New York University School of Law has long been at the forefront of scholarly work on civil liberties and human rights. In 2002, CHRGJ was established to bring together and expand the rich array of teaching, research, clinical, internship, and publishing activities undertaken within the Law School on issues of international human rights law.
Today, CHRGJ is the hub of human rights study at NYU School of Law, the top-ranked program for international law in the country and one of the premier law schools in the world. CHRGJ’s location in New York – home of the United Nations and of many human rights NGOs – puts us in a unique position to be at the physical and conceptual intersection of human rights scholarship and practice.
Having built a reputation for our academic and clinical work in an array of human rights subjects – including counter-terrorism; corporate abuses; caste discrimination; gender-based violence; economic, social, and cultural rights; and extrajudicial executions – CHRGJ is redefining its position at the crossroads of advocacy and scholarship.
Despite the normalization of human rights as part of international discourse and legal education, many parts of the field remains relatively under-analyzed. CHRGJ has the opportunity now to step back, take a vital inventory of how and under what assumptions and practices we operate as a field, engage in detailed introspection, and foster engaged academic scholarship. Capitalizing on our unique setting to interrogate the human rights field from a critical perspective, CHRGJ will bring together scholars and practitioners to strengthen both the practice and theory of the field.
CHRGJ carries out this mandate under the interdisciplinary direction of four leading faculty members from both inside and outside the law school. We house a robust fellowship program and host in-house scholarship by established academics and NYU students, as well as placing students in summer internships with human rights organizations.
From 2015-2017, the Center’s scholarship will be focused on the theme of “Inequality, the Global Economy, and Human Rights” and its core activities, including workshops, seminars, a major conference, and scholarly publications, will coalesce around this and related topics, while also encouraging new areas of scholarly pursuit. For more information, please click here.
General Aims and Activities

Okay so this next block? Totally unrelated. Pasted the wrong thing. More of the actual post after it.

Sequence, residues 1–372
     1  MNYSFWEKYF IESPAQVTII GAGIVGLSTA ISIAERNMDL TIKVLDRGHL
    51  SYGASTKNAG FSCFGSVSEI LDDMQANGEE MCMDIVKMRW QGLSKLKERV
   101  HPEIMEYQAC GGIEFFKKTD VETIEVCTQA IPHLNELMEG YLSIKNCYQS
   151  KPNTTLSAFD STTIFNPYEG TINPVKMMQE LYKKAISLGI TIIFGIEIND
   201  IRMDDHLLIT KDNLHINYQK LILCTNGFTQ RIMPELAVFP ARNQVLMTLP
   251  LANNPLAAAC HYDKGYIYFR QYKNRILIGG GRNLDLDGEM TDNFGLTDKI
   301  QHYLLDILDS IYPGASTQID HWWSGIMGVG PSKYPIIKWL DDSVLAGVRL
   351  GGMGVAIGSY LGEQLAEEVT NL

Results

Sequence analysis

The Center aims to:
- Generate substantive, cutting-edge and sophisticated contributions to human rights research and legal scholarship on the part of faculty, staff, students, fellows and visitors; and
- Actively engage in public affairs and make original and constructive contributions to on-going policy debates relating to human rights.
It achieves these aims through:
- Undertaking rigorous legal analysis and disseminating studies in several
key research areas.Currently, our research is grounded by a common, biennial theme representing an under-explored aspect of human rights theory and practice. The 2015-2017 theme is “Inequality, the Global Economy, and Human Rights.”
- Developing a new generation of human rights scholars and advocates: The Center uses its location at one of the world’s leading law schools to equip students with the knowledge and experience needed to play principal roles in governments, international organizations, academia, and civil society in the years to come. Through key program elements such as its Global Justice Clinic and International Human Rights Clinic; a robust visiting fellows and scholars program; academic human rights courses taught by leading Faculty; a Fellowship Program that places student interns in a wide variety of key institutions; an annual Emerging Human Rights Scholarship Conference where students present original papers; and support of student organizations working on human rights issues, the Center is at the apex of one of the leading human rights programs in the world.
- Performing a convening and collaborative function in discussions among human rights leaders concerning the doctrinal and policy dimensions of key current issues. The Center capitalizes on its uniquely neutral position at a leading law school located in the same city as the principal international organization involved in human rights – the United Nations. The Center also collaborates with many major civil society groups based in New York to catalyze and coordinate networking among human rights organizations, litigators, regional groups, parliamentary bodies, and human rights training programs.